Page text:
Naiad / everybody needs time off
2015 : 23 x 23cm : cotton thread on cotton calico
Every advert on YouTube doesn't have to be about pregnancy tests and babies. We get it: the clock is ticking and soon we'll all be old and barren!
Thanks for the helpful reminder, can we get back to watching the new Star Wars trailer now?
The Naiads were water nymphs, said to have healing properties. Like all nymphs they were constantly objectified by men for their bodies, but if you pissed them off then they could drive you mad. I know who my eyes are on -_-
I took off all my clothes and it felt pretty good
2015: cotton thread on cotton
People who have chronic illness seem to either never be able to put on weight, or lose it. This might be because of body functions going wrong, inability to exercise as much as you'd like or the side effects of medication. Add to that society's pressure to fit a certain aesthetic and it's a perfect recipe for body dysmorphia. This is the only piece with a character who has a real face, because you have to look yourself in the eyes and say: fuck that shit, my body is great.
This piece represents Aphrodite Urania; one of two incarnations of Aphrodite which were originally proposed by Plato. Urania symbolises pure and celestial love as opposed to Aphrodite Pandemos who was about earthly, physical lust.
2015 : 33 x 43cm : cotton thread on cotton calico
Perspective depicts Arachne, who challenged Athena to a tapestry contest. Her arrogance in thinking she could beat Athena (which in fairness she did) caused the goddess to get so angry she tore up Arachne's work. Arachne hung herself in grief at the goddess' rejection and in pity Athena turned her into a spider.
SO TIRED OF THIS SHIT
2015 : 52 x 52cm : cotton thread on cotton
Because objectification of any kind sucks.
This piece is based on the story of Medusa, possibly one of the most put-upon female characters from all of Greek mythology.
Somewhere / not here
2016 : cotton thread on cotton calico
This piece is inspired by the story of Demeter, the goddess of the harvest, who lost her daughter Persephone to Hades in the Underworld. Her grief was so much that she made the land barren and wandered the world endlessly, searching for her daughter. Persephone was eventually allowed to return for certain periods of the year, which led to the creation of the seasons; Spring and Summer for when they were reunited and Autumn and Winter for when they were apart.
A HALF-FORMED THOUGHT
2016 : 52 x 52cm : Cotton thread on cotton calico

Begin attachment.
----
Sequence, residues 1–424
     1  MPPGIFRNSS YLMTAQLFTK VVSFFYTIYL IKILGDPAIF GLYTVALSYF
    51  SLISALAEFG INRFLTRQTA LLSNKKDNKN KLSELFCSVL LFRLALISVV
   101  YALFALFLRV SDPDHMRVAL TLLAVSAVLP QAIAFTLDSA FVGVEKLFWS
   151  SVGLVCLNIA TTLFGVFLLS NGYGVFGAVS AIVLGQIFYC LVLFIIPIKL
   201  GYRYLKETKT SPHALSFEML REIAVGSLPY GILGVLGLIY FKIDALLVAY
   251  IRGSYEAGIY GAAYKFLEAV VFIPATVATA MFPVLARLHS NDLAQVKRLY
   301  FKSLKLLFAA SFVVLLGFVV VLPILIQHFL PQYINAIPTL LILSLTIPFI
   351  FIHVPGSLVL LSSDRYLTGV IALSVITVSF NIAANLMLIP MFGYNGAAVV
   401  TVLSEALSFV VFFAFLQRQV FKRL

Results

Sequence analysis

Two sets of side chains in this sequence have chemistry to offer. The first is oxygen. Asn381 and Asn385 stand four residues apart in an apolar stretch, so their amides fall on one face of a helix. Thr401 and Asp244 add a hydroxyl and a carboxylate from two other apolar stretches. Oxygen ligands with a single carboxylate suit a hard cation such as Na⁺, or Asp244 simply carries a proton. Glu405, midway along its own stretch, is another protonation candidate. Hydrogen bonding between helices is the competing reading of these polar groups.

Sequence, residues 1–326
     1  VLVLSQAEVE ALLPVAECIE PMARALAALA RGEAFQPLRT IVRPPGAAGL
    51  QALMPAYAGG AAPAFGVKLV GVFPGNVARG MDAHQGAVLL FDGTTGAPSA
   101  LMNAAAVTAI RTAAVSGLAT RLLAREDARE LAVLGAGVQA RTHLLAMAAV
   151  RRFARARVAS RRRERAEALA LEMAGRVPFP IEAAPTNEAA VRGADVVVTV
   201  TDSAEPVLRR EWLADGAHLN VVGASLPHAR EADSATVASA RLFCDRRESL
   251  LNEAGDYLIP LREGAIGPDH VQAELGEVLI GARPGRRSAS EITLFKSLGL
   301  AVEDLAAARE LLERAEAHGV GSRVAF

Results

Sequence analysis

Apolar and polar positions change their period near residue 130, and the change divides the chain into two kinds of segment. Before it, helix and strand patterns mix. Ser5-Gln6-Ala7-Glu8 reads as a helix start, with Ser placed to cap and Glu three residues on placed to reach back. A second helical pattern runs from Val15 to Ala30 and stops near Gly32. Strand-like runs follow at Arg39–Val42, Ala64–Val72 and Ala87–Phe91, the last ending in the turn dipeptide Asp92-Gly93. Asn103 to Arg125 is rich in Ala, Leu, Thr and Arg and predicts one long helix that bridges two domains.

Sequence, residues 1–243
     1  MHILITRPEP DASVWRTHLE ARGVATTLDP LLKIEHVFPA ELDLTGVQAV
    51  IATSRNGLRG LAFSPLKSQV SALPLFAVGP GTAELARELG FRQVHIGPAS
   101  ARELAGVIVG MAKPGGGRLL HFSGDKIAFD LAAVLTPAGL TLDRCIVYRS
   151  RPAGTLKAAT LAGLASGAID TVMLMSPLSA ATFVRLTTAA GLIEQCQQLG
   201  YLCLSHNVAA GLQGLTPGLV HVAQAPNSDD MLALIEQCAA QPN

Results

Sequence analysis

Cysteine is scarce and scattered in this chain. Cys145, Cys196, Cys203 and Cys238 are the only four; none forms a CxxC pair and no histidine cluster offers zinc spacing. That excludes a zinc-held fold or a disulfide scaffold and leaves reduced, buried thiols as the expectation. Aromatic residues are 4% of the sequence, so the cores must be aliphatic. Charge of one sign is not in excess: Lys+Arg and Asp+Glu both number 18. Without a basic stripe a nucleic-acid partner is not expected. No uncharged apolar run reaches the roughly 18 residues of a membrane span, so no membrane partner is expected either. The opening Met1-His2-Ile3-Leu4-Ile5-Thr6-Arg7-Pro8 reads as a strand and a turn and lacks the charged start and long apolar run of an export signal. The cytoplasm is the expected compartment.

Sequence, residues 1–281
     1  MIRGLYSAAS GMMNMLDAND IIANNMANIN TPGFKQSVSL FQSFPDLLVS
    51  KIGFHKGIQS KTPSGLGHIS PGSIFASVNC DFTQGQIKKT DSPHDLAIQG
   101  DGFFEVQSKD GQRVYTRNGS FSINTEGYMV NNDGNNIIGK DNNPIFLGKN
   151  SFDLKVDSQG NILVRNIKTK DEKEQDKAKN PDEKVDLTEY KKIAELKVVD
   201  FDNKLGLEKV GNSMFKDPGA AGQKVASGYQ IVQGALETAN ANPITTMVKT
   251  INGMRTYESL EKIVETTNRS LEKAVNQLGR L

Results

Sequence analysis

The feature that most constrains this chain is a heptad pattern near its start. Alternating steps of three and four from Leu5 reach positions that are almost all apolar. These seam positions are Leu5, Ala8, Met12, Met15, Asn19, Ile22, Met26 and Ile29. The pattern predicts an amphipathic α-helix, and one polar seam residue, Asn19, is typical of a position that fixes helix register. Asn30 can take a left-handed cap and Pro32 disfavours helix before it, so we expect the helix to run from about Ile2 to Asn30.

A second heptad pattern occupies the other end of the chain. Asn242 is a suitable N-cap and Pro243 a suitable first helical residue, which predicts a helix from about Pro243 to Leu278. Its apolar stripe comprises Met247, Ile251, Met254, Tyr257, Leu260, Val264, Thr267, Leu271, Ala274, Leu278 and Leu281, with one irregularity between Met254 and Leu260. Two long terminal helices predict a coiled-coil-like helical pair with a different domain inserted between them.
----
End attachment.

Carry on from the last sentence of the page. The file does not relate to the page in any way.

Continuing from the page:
A Half-Formed Thought explores the pleasurable and empowering nature of independent sexuality. Challenging the accepted notion that women are inferior unless in a relationship, or that being alone is an undesirable condition, it muses on the joy that can come from one-woman sexual adventures. The only person that a woman's sexuality and sexual empowerment is dependent on is herself.
A Half-Formed Thought is inspired by the second rendition of Aphrodite: Aphrodite Pandemos. This is the more earthly, lusty and carnal of the two depictions of Aphrodite and is the one invoked and objectified by male artists and thinkers throughout history.
2016: 52 x 52 cm: Cotton thread on cotton calico
Consider the self: it is the focus of all our attention and the ego that stems from it can grow to be enormous. But whatever its size, the constituent parts are often delicate and vulnerable.
One of the tools we all seem to use to defend our sense of self is storytelling: we all construct a consistent, linear narrative of our lives that tries to make sense of events and to incorporate them into the stories of our life journeys. Even when our worlds are turned upside down, we all try to search for meaning, truths and lessons to take from these bad times to learn from, improve with, and incorporate into the narratives we construct about ourselves.
Bathtime Philosophy takes inspiration from Metis, the mother of Athena and embodiment of wisdom and deep thought.
2016 : 42 x 52 cm : Cotton thread on cotton calico and muslin
Immortality isn't always everlasting life; for most people lasting life is granted in the legacies we leave behind. Traditionally these legacies are work-related, which have historically excluded the crucial domestic work of women in raising successful and, more importantly, happy and fulfilled descendants, at the expense of the immortality of their own names. While women continue to (slowly) move into high-performance work, with the opportunity to make a mark on traditional historical narratives for themselves, maybe it's time we re-examined what it is that constitutes living on, question what we want to be remembered for, and ask why anyone would want to be immortal anyway.
This piece takes its name from the poem Conscript (for James Ballard Sutton) by Philip Larkin
Ego's County is inspired by the Hesperides; the nymphs of the setting sun. They tended the garden where the immortality-granting golden apples grew, which Heracles stole during his labours. In their grief they were turned into trees... because that's how we do it.